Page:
Irish, German firms take EADS to Dutch court
EADS shareholders are accusing the aerospace giant for its failure to inform them of significant delays in the delivery of the A380 and causing them to suffer heavy losses.The Hague – Two investment companies, Irish and German, asked a Dutch court on Thursday for a probe into the running of European aerospace giant EADS over delays in its plane delivery schedule.
"It is our position that EADS misled the market or was late to inform it of significant delays in the delivery of the A380," Flip Wijers, a lawyer for EADS shareholder Irish Life Investment Managers (ILIM), told AFP.
As a result of those delays and again with the troubled A400M military transport plane programme, shareholders in the European Aeronautic Defence and Space Company (EADS), mother company of Airbus, suffered heavy losses.
"We believe that, when as a company every new model you introduce experiences two-to-three year delays, something is wrong with your management," said Wijers.
"We requested the court to look into the affairs of EADS for the time period that relates to delays in the A380 and A400M."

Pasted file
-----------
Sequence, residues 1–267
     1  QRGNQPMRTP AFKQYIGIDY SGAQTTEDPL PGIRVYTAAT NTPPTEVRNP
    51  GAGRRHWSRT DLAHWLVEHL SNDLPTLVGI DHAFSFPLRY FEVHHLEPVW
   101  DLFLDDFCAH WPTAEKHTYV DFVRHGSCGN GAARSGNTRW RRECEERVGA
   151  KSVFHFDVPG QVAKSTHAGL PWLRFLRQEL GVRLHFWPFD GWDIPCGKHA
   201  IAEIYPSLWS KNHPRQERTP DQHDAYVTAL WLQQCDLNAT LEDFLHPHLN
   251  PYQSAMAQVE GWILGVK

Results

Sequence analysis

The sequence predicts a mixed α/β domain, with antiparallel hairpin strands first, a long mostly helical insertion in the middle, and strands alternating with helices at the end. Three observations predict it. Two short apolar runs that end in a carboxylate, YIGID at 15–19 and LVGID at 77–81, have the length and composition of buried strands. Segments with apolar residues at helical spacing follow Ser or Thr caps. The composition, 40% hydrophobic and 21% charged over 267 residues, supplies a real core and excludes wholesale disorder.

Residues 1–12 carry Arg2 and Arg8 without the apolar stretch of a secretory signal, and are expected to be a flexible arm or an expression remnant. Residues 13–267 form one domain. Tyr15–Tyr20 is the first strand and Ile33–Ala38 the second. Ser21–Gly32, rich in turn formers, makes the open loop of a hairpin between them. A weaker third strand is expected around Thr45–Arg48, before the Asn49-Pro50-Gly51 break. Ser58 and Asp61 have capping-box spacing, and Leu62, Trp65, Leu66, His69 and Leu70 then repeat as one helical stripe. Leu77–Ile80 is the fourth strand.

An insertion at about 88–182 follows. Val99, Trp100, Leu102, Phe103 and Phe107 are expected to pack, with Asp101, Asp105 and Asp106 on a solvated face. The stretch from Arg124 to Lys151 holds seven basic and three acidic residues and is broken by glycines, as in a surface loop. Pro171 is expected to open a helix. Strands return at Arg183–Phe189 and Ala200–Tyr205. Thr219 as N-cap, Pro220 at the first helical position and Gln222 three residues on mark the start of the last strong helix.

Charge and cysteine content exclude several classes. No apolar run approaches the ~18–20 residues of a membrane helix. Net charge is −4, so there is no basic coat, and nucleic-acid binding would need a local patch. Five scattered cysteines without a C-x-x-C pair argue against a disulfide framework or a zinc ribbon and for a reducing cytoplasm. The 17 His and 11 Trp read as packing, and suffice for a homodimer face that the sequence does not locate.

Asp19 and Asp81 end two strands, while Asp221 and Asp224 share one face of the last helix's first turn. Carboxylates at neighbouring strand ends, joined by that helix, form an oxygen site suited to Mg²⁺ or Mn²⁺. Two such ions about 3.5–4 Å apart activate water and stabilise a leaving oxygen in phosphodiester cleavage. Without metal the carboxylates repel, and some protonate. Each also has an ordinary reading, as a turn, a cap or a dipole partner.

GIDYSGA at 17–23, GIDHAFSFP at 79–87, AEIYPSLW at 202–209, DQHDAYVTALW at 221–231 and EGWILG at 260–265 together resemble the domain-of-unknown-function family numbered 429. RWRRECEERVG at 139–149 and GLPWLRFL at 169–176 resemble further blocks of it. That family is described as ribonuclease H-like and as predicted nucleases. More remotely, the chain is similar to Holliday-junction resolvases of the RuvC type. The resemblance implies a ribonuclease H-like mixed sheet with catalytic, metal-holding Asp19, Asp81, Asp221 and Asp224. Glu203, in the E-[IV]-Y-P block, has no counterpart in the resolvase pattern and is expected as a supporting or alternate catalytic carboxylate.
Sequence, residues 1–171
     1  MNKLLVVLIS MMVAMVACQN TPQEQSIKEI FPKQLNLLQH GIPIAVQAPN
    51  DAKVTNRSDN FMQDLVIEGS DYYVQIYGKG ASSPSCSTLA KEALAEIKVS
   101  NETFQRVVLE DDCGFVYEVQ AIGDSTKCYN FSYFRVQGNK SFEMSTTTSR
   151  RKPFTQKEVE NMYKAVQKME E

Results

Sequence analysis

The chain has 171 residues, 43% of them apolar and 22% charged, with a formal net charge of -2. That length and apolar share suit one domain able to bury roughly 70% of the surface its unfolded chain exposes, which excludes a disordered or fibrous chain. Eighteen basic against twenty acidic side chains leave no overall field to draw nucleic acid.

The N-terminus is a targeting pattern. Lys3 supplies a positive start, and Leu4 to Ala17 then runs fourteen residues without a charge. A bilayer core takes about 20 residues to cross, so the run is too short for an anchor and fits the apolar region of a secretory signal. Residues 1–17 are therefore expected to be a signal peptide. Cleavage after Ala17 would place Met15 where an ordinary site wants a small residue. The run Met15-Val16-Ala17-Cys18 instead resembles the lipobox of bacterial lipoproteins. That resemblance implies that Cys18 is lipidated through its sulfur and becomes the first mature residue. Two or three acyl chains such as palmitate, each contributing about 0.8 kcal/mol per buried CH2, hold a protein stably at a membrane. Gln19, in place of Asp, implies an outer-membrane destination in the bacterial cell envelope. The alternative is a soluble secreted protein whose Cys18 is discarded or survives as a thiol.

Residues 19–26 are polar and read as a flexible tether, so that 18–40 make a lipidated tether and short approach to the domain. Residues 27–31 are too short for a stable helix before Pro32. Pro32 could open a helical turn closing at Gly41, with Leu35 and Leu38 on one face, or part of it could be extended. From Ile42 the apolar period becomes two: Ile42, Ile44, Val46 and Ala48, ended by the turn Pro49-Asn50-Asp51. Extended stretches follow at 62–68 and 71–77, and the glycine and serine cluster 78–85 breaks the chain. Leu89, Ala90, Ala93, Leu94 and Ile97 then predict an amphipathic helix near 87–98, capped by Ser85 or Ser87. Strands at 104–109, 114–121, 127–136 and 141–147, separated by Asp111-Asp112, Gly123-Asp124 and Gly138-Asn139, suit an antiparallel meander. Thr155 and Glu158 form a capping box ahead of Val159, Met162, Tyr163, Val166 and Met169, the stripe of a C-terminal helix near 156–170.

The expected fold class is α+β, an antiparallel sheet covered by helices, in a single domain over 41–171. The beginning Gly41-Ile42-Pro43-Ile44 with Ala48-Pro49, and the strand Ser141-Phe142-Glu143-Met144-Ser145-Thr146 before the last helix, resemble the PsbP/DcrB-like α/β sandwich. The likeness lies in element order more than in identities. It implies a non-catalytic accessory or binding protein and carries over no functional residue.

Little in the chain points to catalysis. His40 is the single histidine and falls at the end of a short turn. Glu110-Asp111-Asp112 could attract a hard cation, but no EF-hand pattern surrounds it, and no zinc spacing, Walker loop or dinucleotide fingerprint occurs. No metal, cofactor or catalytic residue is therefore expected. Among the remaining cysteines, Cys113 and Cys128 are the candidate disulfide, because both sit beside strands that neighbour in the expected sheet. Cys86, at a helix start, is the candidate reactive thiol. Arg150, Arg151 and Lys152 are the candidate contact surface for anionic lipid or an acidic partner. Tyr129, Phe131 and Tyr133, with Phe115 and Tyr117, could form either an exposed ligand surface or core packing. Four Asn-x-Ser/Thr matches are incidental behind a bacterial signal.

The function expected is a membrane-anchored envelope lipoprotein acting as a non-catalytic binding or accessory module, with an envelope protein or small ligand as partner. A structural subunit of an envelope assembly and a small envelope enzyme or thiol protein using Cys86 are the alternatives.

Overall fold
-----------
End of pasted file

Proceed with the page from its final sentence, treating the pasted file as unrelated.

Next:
ILIM and Germany's Deka Investment argued their separate applications before the companies tribunal in Amsterdam for "an investigation to be ordered into the policies and state of affairs at EADS," a court spokesman confirmed.
A ruling in the matter could take several weeks. EADS is registered as a company in the Netherlands.
According to Wijers, EADS stocks fell 26 percent on the day in June 2006 that the company announced delays in its A380 delivery.
If the court bid succeeds and a probe finds wrongdoing, his client could then ask for a finding that EADS was mismanaged and follow with a damages suit, the lawyer added.
ILIM manages assets on behalf of multinational corporations, charities and domestic companies.
Deka Investment is a Frankfurt-based privately owned investment manager with savings banks, insurance companies and pension funds as clients.
An independent report on the Airbus A400M project laid blame last week for delays and cost overruns with directors of EADS.
The company has asked the seven countries that ordered the plane to cover EUR 6.4 billion in unanticipated costs.
AFP / Expatica